I bet you are wondering what I’m talking about when I say The One Percenters. Of course you do. That’s the curiosity in all of us. Well, I am going to talk to you about that a little. Some of you may be offended, some may be moved to act and others will know they are part of the one percenters.
Our wildlife populations did not just increase over the years without some help. Help from volunteers that give their time to improve the natural resources in their communities and states. Most of the volunteers are involved with multiple organizations such as the Big Game Conservation Association, Ducks Unlimited, Pheasants Forever, and more. Not to mention they are most likely the ones volunteering for events at their kid’s school and their churches.
Out of My Circle of Friends – Less Than One Percent Volunteer
These volunteers are always stretching themselves to continually give back. When I look around at my circle of hunting friends I take notice of who is involved. Out of all my friends that hunt less than one percent are actively involved in a conservation organization. I’m not talking about sending your annual membership fees to get a free hat, t-shirt or something else. No, I’m talking about giving your time to help with a banquet, habitat project or any other event.
Have you been hunting recently? If so, you have very likely been a recipient of the benefits offered by local and national hunting and conservation groups. These groups function on the money donated by hunters and partners with the work often carried out by volunteers. If you have enjoyed hunting, it might be time to spend some of your money and off-season time to work in the name of conservation.
Conservation Organizations Work to Improve Habitat
If you really think about it, hunting as we know it would not exist without the help of conservation groups. They work tirelessly to improve the habitats of game species across the continent. All of this is done to ensure that hunting continues as a rich heritage for years to come while also ensuring that the wildlife species are thriving. Ultimately, conservation would not exist if it were not for these groups.
The reality; however, is the fact that many of these groups are supported by a significant corps of volunteers. These volunteers help provide the manpower for conservation projects. Without their help, the projects that have improved habitat across the continent would not have succeeded. From building water catchments to improving land quality, volunteers are the workhorses that drive conservation efforts.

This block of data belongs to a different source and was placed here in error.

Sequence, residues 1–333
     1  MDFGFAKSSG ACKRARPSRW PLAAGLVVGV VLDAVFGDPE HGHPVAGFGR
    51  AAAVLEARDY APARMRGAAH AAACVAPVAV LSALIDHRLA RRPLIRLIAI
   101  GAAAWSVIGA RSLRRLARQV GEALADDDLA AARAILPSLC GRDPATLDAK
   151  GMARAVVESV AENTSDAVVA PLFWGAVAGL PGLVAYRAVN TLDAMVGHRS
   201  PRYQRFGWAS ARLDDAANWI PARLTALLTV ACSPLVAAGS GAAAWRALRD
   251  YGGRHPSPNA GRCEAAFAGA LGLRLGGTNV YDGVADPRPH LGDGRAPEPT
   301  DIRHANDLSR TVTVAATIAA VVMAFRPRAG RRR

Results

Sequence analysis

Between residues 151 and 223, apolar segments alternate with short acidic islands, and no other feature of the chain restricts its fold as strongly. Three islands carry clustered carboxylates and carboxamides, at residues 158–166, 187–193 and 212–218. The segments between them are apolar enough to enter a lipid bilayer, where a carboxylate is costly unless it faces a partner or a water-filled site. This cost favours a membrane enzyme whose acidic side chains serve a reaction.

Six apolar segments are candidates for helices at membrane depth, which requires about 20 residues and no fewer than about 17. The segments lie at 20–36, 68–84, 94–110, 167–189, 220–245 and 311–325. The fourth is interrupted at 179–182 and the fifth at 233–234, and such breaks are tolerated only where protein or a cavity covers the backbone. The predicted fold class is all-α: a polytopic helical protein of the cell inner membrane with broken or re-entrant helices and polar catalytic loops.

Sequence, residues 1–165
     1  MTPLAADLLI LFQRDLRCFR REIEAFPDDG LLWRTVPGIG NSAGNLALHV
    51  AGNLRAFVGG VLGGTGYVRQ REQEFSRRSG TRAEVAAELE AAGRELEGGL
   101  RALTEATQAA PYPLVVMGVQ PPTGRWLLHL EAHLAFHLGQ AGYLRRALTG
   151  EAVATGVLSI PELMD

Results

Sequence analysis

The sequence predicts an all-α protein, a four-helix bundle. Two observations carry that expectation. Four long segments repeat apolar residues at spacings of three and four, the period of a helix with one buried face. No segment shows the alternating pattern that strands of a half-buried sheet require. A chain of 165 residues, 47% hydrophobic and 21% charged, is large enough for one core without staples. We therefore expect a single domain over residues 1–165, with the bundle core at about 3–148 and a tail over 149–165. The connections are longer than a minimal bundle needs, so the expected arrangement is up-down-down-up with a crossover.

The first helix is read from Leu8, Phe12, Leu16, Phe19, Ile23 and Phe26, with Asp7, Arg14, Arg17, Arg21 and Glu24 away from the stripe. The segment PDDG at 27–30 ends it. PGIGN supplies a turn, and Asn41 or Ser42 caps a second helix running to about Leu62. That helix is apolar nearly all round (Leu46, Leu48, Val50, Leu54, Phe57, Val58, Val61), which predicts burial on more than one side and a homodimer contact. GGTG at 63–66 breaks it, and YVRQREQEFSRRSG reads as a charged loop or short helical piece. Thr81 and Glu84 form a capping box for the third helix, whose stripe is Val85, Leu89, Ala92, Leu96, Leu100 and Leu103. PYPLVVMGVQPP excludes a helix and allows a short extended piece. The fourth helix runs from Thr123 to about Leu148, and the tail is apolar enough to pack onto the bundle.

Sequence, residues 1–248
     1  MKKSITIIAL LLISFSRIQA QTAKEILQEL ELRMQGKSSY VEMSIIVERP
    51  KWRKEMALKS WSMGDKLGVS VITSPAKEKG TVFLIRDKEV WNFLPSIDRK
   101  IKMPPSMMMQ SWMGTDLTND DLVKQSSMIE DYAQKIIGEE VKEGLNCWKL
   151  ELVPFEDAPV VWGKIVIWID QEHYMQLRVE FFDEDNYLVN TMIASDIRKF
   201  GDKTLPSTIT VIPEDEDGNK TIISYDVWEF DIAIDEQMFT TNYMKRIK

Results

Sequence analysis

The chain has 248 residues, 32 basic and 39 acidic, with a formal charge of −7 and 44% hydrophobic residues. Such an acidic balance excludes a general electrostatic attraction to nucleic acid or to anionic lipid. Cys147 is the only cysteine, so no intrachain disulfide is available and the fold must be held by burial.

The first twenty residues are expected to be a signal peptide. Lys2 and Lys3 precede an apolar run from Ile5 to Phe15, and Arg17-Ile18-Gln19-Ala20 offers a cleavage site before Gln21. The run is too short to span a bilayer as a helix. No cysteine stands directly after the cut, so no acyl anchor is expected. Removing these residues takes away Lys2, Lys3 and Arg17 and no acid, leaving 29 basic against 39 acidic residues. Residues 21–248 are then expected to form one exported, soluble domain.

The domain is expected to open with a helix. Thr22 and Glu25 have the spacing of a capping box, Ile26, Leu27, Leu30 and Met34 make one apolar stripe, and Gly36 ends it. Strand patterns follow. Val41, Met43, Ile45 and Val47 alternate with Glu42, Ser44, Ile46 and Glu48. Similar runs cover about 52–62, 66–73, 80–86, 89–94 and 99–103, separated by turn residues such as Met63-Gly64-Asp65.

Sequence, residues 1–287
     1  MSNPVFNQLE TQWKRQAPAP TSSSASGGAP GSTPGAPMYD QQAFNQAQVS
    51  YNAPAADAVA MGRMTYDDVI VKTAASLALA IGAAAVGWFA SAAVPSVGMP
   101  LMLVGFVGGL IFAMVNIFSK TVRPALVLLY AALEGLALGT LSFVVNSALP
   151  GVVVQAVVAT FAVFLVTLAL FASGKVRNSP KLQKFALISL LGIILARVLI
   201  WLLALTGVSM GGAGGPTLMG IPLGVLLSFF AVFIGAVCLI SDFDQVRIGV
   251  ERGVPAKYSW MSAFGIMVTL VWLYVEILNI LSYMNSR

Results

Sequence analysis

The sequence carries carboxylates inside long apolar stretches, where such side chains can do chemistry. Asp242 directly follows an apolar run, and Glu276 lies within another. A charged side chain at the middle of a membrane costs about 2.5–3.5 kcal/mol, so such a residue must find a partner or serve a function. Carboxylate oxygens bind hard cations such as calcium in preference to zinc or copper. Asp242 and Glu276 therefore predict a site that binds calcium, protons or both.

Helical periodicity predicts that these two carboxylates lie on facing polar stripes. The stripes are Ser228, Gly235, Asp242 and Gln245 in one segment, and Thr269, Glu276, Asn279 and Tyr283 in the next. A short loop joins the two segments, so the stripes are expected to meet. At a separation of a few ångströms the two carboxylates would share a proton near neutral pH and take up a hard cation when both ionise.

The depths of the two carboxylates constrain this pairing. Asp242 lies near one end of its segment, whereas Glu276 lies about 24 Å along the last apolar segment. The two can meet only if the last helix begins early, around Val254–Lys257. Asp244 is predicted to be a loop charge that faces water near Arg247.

Ways to Give Back
If you are a hunter, you are in a great position to give back. How about spending some time this off-season working with groups to improve hunting in your area? It is not complicated or difficult to get involved with these groups; you just have to know how. Here are some ways you can get involved:
As mentioned earlier, all conservation and hunting groups need volunteers. Just contact the group you want to work with an ask how you can help or where they need volunteers. They will be more than happy to point you in the right direction.
Money makes the world go round and it is no different with conservation groups. Conservation costs money, period. If you have money you would like to donate, it will be put to good use. The great thing about outdoor conservation groups is they are very transparent with where money is going so you do not need to worry if it will be used properly. With the majority of conservation groups, 80% to 90% of the funds donated go directly toward conservation efforts (the rest going toward administrative costs). If you want to donate, you can be confident that your money will be put to good use.
All groups need advocates. An advocate is someone who is willing to champion the cause of a group or an individual. While we often think of advocates in a political sense, this is not what our goal should be. As advocates of conservation groups, we must strive to be vocal, present and honorable.
Spreading the word about the work of various conservation groups is key; however, just as important is the ability to communicate the truth when anti-hunting groups try to malign the name of conservation.
An advocate must always be present, meaning he or she must be willing to be a resource and help when needed. Even if this just means being active on social media, an advocate seeks to transmit helpful information at any given time.
A great way to hurt conservation efforts is to hurt the name of conservation groups by lacking integrity. Anti-hunting groups are more than happy to exploit the missteps of those who represent hunting and conservation groups. Whenever you are representing a group, make sure you are acting with this highest level of integrity.
Are you involved? Need information on ways to get involved? Let us know your thoughts!
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